Welcome to the Secret Sauce, a series by the Crystal team where we have deep-dive conversations with fast-rising sales leaders to learn about the most unique, potent ingredient to their success.
Tim Stansky is an experienced sales trainer at Oracle, whose famously high-performing sales organization has spawned some of the most successful founders, executives, and companies in Silicon
Valley. On an individual level, Tim has been a strong supporter of Crystal for years, which is how we have gotten to know him, and perhaps why he was open to sharing some of his “secret sauce” with us.
Throughout his tenure, Tim has trained thousands of aspiring salespeople at Oracle across the U.S., Canada, and in Tokyo. His goal when training reps is to “sharpen their edge” and provoke them to rethink their current sales approaches and biases, equipping them with knowledge and confidence to apply new methods and act upon them.
Tim’s mantra is “interrupt with value.” He says this idea is his own synthesis of
The Challenger Sales Model
New Sales. Simplified.: The Essential Handbook for Prospecting and New Business Development
by Mike Weinberg.
Salespeople must learn to
interrupt with value
in a way that directly speaks to the customer’s problems– either by pointing to the fire that is burning right in front of them or alerting them of the dry tinder that might catch at any moment. Instead, too many sales reps jump straight into their pitch without understanding or showing empathy for the problems their prospects are trying to solve.
“Sales reps often prescribe solutions before they understand the symptoms, or what the patient wants, usually because of external pressures..”
Reps at large companies are especially susceptible to this line of thinking since they can often fall back on brand recognition to build rapport and credibility. The same is true for reps in hyper-growth industries or those in extremely niche markets where options are limited. High customer demand may temporarily cover up a weak sales motion in these scenarios.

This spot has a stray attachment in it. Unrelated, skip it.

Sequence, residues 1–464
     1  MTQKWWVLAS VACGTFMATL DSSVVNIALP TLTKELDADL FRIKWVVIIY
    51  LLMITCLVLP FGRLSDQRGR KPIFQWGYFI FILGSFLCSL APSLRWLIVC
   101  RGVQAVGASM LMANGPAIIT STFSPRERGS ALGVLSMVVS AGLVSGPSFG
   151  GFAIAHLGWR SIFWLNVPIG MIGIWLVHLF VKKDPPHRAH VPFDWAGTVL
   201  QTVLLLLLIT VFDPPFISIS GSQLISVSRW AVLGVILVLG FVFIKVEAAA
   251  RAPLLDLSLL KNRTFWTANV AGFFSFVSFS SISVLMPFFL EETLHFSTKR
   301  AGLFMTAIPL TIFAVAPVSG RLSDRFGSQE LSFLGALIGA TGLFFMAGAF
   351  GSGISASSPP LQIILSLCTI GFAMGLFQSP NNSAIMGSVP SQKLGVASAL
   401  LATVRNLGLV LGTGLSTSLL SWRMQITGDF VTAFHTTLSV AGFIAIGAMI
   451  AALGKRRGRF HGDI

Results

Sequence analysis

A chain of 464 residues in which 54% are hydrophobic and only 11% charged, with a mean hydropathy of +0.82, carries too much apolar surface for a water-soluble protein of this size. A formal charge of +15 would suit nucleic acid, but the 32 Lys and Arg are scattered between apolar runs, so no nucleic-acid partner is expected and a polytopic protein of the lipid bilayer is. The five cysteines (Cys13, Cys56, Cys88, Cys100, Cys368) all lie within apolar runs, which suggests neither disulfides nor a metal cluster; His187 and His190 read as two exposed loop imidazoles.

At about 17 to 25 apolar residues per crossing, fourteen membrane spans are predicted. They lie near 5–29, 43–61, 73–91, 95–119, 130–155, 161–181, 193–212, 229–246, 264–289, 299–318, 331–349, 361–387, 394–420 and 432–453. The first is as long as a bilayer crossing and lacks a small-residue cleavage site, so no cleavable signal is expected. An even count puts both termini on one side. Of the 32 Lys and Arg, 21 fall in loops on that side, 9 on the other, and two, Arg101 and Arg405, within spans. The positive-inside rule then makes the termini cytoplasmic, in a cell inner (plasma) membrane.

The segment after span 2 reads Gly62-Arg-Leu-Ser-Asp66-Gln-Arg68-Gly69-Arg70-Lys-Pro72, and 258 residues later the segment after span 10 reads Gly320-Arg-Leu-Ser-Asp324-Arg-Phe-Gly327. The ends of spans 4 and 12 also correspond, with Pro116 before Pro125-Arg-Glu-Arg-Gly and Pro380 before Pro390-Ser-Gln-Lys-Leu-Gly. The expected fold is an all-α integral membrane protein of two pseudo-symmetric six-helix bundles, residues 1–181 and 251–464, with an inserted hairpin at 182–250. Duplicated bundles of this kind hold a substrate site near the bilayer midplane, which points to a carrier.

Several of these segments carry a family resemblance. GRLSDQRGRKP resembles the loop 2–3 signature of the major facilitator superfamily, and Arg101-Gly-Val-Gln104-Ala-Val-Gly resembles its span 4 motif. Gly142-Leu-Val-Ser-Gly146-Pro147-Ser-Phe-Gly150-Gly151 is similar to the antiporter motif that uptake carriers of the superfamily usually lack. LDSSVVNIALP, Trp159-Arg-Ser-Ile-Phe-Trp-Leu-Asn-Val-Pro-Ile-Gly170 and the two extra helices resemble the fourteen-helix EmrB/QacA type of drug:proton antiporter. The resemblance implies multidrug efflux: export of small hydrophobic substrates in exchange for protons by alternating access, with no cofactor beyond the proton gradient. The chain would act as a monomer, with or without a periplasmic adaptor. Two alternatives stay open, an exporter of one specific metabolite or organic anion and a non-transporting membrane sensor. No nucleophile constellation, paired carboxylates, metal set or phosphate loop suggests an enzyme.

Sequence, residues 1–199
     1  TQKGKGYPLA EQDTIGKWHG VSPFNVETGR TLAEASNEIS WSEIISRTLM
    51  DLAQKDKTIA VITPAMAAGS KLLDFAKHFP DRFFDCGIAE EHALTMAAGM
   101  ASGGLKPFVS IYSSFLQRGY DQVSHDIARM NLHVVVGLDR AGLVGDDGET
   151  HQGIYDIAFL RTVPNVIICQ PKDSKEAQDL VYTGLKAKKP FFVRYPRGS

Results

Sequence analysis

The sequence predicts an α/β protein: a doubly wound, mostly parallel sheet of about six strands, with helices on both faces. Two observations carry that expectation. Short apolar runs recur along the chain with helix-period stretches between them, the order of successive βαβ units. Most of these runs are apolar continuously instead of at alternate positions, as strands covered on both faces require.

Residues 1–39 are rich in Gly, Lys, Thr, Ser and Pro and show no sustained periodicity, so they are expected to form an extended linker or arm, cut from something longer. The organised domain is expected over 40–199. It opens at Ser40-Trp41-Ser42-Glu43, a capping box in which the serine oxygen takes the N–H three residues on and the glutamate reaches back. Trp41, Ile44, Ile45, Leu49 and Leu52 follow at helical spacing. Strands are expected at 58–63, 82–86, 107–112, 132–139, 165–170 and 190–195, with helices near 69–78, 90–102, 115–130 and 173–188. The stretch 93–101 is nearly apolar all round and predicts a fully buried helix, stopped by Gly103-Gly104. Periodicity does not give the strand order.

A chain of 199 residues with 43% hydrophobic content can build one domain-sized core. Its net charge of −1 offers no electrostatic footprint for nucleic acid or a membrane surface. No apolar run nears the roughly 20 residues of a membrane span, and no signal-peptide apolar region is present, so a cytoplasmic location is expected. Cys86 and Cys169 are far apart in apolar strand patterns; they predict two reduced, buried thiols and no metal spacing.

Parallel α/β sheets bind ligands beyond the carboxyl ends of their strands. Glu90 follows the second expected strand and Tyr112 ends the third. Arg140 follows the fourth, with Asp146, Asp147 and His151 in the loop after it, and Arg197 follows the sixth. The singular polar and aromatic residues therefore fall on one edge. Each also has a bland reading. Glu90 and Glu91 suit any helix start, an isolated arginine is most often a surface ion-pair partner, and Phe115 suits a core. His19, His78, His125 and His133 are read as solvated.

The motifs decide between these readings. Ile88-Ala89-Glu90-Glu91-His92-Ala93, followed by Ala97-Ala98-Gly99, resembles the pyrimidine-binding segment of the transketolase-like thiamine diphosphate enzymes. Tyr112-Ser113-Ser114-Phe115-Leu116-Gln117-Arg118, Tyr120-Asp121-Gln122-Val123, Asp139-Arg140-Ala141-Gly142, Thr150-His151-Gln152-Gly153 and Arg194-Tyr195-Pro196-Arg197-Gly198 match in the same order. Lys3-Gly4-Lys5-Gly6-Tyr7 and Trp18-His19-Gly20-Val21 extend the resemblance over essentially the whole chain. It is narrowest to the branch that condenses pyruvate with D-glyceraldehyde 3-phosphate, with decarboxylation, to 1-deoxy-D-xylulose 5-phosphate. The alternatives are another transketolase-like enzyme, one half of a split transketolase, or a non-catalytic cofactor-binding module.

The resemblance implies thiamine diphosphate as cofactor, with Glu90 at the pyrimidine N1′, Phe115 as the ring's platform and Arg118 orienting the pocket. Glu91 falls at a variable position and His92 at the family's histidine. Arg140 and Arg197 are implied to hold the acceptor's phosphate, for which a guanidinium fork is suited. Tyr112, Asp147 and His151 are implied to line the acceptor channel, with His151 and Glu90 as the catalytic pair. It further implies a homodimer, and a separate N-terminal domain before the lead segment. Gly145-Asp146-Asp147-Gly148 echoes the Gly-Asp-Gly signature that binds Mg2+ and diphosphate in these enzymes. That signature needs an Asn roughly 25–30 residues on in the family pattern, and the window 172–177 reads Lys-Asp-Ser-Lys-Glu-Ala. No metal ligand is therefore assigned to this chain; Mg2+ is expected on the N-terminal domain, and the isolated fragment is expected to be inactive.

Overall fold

Most reps, however, cannot rely on such advantages and
learn to interrupt with value, mastering multiple skills–storytelling, active listening, critical thinking, etc. Tim has witnessed countless sophomore salespeople emerge as seasoned seniors in their organization with this assertive approach to meaningful, provocative, productive communication.
“In sales, we must interrupt with value. We get paid to interrupt somebody’s day. We need to do so quickly and with value.”
Here’s a metaphor Tim shared with us:
Let’s say your customer is walking down the sidewalk near a construction site, and you (as the sales rep) own this part of the sidewalk and know what problems are here and how to solve them. People may encounter this problem at different times, and you can be the guide to warn them, “at some point, you’re going to walk through this construction zone, and you’re going to need a hard hat. We have good hard hats– there are other hard hats– but let me tell you about our hard hats. The most important thing is, you need a hard hat.”
Here, you are delivering value by approaching them with a solution for a problem that they are inevitably going to face and doing so quickly.
Interruption is usually considered rude, aggressive, or off-putting. But we all know that we would be
if someone interrupted us to tell us that we won a new car or to stop us from stepping on a wasp’s nest.
If you’re a salesperson and you genuinely believe in your product’s ability to solve a problem for your customer, it is
to interrupt as many prospects as you can to make their lives a little better, help their businesses run a little more efficiently, or to get them a little bit closer to their goals.
Want to learn about your personality
and what comes naturally to you?